Issue 11 2009
Tour de force
VOF Nedstream, in which A. Hak Leidingbouw participates, started the construction of an 87-kilometre long 48-inch natural-gas pipeline in the Netherlands at the beginning of the year.
This is a huge task, even for Gasunie, who commissioned the project. The task involves the construction of one of the longest pipelines of the route in Gasunie’s Gasrotonde Project, and it is the length of the pipeline that makes this project so remarkable.
“In a small and densely populated country like the Netherlands, distances of this kind are now a days very unusual,” says project manager Jan Verhoeven of A. Hak Leidingbouw. “A. Hak Leidingbouw is responsible within Nedstreamfor the construction of the northern section of the pipeline, which is around 55 kilometres long, and for the hydrostatic testing and drying of the entire pipeline.”
According to Mr Verhoeven, the project involves a range of techniques, including different types of drilling. “One new aspect of the project is automatic welding: this technique has, until now, hardly been used on Gasunie projects. In recent years, its application has become more and more widespread, and there are various reasons for this. It is not just that quality requirements made by commissioning parties are becoming increasingly more stringent, but also the fact that automatic welding brings benefits in terms of time and money. In the final analysis, we have to be able to complete a project in line with quality demands, and within the time available and for the lowest possible price, but of course without making any concessions in terms of safety.”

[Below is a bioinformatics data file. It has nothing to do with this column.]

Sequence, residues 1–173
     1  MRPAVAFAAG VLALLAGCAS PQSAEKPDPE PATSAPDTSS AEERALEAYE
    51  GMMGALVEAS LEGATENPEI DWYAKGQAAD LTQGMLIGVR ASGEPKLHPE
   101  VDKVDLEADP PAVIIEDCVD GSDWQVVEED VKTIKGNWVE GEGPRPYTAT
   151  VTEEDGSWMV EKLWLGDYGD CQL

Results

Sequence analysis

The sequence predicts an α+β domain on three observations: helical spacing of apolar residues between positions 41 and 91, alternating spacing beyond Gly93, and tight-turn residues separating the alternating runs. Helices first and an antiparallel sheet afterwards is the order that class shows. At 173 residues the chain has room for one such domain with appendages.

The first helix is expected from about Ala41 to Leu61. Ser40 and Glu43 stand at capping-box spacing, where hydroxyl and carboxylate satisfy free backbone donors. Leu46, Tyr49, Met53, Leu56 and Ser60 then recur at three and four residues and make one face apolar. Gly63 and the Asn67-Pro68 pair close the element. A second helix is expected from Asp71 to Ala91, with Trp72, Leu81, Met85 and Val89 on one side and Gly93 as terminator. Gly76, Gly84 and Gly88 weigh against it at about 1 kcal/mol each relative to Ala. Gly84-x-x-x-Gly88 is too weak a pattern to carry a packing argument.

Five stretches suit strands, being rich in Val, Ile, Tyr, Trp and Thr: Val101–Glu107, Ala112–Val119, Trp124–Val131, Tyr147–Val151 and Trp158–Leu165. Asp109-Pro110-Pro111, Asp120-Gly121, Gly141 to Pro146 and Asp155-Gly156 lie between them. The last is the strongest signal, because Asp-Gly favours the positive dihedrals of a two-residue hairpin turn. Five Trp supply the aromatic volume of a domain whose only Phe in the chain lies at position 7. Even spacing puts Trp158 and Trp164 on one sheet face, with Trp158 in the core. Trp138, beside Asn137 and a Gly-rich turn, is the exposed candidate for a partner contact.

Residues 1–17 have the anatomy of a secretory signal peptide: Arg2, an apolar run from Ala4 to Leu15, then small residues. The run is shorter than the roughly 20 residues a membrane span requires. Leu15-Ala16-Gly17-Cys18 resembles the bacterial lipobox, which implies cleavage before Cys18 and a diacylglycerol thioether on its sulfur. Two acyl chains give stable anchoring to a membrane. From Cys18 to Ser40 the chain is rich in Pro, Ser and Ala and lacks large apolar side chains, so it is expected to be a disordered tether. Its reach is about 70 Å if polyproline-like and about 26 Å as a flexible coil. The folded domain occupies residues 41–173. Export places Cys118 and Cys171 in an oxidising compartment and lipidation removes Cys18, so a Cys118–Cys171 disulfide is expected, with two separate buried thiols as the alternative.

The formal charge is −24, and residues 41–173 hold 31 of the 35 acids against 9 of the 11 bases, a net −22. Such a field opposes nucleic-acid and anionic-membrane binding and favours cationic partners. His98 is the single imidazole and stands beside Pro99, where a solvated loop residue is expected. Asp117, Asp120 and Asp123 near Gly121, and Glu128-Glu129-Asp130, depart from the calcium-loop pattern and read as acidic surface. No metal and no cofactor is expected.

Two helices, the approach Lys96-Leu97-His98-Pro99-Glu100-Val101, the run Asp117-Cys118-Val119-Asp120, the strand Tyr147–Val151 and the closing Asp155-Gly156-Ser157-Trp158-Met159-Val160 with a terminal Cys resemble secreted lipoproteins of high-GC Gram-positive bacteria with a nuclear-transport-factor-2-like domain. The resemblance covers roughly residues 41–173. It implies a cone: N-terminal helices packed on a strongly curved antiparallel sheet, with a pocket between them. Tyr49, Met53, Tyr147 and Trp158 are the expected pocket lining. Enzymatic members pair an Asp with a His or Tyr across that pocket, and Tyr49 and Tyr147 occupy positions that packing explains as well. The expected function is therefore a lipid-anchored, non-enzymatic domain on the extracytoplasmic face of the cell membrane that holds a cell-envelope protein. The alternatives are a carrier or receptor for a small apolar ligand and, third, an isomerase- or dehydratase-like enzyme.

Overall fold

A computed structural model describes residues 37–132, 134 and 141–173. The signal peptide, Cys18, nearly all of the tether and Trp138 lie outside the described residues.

The most important factors associated with automatic welding are the consistently high quality and considerable reduction in the number of disruptions. “As a contractor, you want to avoid every possible shortcoming in your work – every error costs time and money. With automatic welding, the proportion of errors is much lower. Automatic welding removes that uncertain human element from the welding process. Another benefit is that you don’t need as many welders,” explains Mr Verhoeven.
One advantage is that the welding preheat temperature of the joint is lower than with manual welding – 80oC, compared with 150oC. In addition, the preheat process with automatic welding occurs through induction, which is not only more accurate, but also faster than using a gas burning device. A. Hak has itself developed a procedure for automatic welding.
A. Hak Leidingbouw is using different types of drilling techniques in the construction of the pipeline: horizontal directional drilling, closed face tunnelling, auger boring and drilling by pipe hammering. Horizontal directional drilling is used for distances of around five to six hundred metres, where major waterways, motorways or other circumstances prevent the application of the standard procedure of laying pipes into a pre-dug trench. A-Hak Leidingbouw is conducting this type of drilling in four places, each around six hundred metres in length: three under a waterway and one beneath a busy road, with an average depth of around fifteen metres.
Closed face tunnelling has been used at sixteen locations along the total route of the pipeline. This method, for stretches as long as three hundred metres, often involves lowering the ground on both sides. Mr Verhoeven explains: “Closed face tunnelling is particularly suited for greater depths. The advantage is that the drilling process is the best way of monitoring the situation. You immediately fill up the ground you have just dug up, and that keeps the chance of subsidence to an absolute minimum.”
For smaller roads and waterways, and for more modest depths, A. Hak Leidingbouw uses the most tried and tested method – auger boring, of which around ten feature in the section of the pipeline, are being constructed by the company.